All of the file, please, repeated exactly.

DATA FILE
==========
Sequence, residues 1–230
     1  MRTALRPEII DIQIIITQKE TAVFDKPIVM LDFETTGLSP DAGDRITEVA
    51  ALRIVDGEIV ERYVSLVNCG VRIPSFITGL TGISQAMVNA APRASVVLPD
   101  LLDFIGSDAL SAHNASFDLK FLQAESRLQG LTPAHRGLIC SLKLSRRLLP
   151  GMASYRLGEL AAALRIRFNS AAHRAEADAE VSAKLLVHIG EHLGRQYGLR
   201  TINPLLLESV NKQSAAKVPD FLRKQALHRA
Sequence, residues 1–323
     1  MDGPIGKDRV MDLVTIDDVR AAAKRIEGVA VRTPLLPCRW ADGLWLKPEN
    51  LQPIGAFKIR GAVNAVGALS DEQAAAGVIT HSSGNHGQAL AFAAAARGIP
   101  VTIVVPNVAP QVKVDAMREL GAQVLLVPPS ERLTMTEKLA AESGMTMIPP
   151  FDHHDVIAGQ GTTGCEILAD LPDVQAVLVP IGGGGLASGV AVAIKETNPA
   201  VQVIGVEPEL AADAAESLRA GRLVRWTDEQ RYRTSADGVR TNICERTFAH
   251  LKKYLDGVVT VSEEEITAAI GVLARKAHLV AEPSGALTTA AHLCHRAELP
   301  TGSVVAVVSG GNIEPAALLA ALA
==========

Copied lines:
Sequence, residues 1–230
     1  MRTALRPEII DIQIIITQKE TAVFDKPIVM LDFETTGLSP DAGDRITEVA
    51  ALRIVDGEIV ERYVSLVNCG VRIPSFITGL TGISQAMVNA APRASVVLPD
   101  LLDFIGSDAL SAHNASFDLK FLQAESRLQG LTPAHRGLIC SLKLSRRLLP
   151  GMASYRLGEL AAALRIRFNS AAHRAEADAE VSAKLLVHIG EHLGRQYGLR
   201  TINPLLLESV NKQSAAKVPD FLRKQALHRA
Sequence, residues 1–323
     1  MDGPIGKDRV MDLVTIDDVR AAAKRIEGVA VRTPLLPCRW ADGLWLKPEN
    51  LQPIGAFKIR GAVNAVGALS DEQAAAGVIT HSSGNHGQAL AFAAAARGIP
   101  VTIVVPNVAP QVKVDAMREL GAQVLLVPPS ERLTMTEKLA AESGMTMIPP
   151  FDHHDVIAGQ GTTGCEILAD LPDVQAVLVP IGGGGLASGV AVAIKETNPA
   201  VQVIGVEPEL AADAAESLRA GRLVRWTDEQ RYRTSADGVR TNICERTFAH
   251  LKKYLDGVVT VSEEEITAAI GVLARKAHLV AEPSGALTTA AHLCHRAELP
   301  TGSVVAVVSG GNIEPAALLA ALA